Bay of Kotor Cruise
Thurs.7th.June, Sipan – Dubrovnik – Kotor
The long journey to Kotor in Montenegro required an early start at 6.00, although breakfast was at 8.00 as usual. We arrived soon afterwards in Dubrovnik to complete the customs formalities which took 45min. The first part of the cruise gave views of Dubrovnik from the sea, but against the sunlight in hazy weather the visibility was not good. The absence of islands along this part of the coast makes the sea journey somewhat monotonous but finally at 13.30 we arrived at Zelenika for the Montenegro customs control, having passed through the entrance to the Bay of Kotor flanked by ruined forts shortly beforehand. The cruise within the bay is spectacular since it is divided into several arms separated by quite narrow passages and the mountains rise steeply from the water to heights of over 100m in places especially towards the end near Kotor itself. There we were surprised to see two enormous cruise liners at anchor dwarfing our little ship. We finally docked at 17.00 but could have done so at least an hour earlier if the berth had been available sooner. Still there was time before and after dinner for exploration of the old city which had seen occupation by many different powers over the centuries.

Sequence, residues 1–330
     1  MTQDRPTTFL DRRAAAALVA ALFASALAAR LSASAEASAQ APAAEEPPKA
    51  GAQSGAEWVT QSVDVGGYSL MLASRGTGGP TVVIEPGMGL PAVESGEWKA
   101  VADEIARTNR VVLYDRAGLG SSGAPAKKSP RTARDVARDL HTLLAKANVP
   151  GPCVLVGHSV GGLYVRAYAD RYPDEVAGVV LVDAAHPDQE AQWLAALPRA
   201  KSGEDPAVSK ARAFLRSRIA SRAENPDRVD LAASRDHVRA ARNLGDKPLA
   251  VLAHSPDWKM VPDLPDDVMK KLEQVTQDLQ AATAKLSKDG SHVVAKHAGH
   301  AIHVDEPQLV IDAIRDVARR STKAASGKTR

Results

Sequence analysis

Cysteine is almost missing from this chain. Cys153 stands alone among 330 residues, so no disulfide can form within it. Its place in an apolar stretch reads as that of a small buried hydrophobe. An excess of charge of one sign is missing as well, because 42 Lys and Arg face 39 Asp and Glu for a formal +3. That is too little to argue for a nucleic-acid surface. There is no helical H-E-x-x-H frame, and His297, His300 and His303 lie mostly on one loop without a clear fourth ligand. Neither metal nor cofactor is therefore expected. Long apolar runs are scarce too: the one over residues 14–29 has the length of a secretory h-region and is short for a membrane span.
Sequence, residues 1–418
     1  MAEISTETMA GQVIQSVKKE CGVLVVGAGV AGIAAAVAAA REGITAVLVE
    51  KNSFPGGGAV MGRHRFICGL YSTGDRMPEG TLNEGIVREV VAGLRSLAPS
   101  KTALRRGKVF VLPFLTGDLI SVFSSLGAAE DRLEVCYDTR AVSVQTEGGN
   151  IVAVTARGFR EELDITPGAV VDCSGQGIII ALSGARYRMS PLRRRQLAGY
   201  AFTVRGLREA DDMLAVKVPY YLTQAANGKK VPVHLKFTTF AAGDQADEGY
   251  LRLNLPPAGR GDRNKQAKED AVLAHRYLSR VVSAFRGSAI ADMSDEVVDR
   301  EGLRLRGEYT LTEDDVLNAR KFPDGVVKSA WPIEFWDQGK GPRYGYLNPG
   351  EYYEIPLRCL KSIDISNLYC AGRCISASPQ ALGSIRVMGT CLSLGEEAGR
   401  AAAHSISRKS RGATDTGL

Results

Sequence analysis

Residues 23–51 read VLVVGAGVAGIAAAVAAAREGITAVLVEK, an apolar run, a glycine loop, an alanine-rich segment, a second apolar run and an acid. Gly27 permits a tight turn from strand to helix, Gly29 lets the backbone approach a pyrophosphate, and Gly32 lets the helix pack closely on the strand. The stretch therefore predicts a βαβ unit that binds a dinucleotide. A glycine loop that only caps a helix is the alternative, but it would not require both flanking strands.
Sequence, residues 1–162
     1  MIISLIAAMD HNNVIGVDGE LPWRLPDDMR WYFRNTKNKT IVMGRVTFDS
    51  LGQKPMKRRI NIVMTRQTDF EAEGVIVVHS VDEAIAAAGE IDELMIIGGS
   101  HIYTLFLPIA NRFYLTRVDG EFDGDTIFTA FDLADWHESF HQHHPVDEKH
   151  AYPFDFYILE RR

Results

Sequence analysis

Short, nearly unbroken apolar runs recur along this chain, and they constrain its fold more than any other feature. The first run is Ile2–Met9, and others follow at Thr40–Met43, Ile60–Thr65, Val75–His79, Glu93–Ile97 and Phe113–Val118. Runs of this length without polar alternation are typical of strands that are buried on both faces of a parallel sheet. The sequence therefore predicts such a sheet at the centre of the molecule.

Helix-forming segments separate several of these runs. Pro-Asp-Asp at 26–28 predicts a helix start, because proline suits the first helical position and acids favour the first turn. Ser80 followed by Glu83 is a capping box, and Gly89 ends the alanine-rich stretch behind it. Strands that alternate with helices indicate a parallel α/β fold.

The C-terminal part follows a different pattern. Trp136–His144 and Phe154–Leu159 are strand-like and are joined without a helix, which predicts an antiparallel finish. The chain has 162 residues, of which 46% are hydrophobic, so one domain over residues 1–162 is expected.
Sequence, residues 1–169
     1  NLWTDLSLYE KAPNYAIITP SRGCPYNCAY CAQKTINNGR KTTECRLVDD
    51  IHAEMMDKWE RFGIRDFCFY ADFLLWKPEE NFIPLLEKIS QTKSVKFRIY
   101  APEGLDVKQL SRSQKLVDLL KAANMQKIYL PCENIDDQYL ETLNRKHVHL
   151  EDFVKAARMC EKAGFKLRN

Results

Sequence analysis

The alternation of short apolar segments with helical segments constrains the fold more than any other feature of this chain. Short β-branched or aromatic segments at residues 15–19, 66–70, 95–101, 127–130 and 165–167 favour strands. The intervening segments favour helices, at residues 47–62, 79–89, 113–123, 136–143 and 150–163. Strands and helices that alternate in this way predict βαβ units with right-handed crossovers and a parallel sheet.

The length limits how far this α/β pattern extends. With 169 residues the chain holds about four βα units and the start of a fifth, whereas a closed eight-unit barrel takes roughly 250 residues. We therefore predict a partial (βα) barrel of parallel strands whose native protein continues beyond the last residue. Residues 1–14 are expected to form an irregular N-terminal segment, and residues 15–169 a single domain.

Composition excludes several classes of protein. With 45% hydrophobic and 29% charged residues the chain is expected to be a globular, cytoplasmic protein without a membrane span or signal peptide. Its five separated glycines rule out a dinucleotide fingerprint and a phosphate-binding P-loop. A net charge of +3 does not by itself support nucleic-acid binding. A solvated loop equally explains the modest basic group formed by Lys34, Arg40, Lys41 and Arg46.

Fri.8th.June, Cetinje, Budva and Perast
On this day a land excursion had been arranged with a local travel agency, starting of course with a city tour of Kotor. We heard detailed descriptions of the major buildings many of which had been restored if not rebuilt following a devastating earthquake in 1979. Following this Kotor was declared a world cultural heritage center. A bus drove us up a steeply winding road with impressive views of the Bay of Kotor over the Krstac pass to the village of Negushi. We sampled the locally produced ham and sheep’s cheese for an early lunch before continuing to Cetinje, once the capital of Montenegro. A visit to the palace of the last king Nikolas I was well worthwile because of the original furniture having been preserved. The final destination was much visited holiday resort of Budva. After a short walk in the tiny old town by the sea most of us transferred to the adjacent Mogron beach. This is well known and therefore crowded but is indeed attractive. The return drive brought us to our ship anchored further down the bay at Perast, once a fishing village. There was a farewell dinner, for the first time on deck, and presentations of tips to the crew of the ship. The other passengers would spend another night on the ship in Dubrovnik but I was disembarking early the next morning.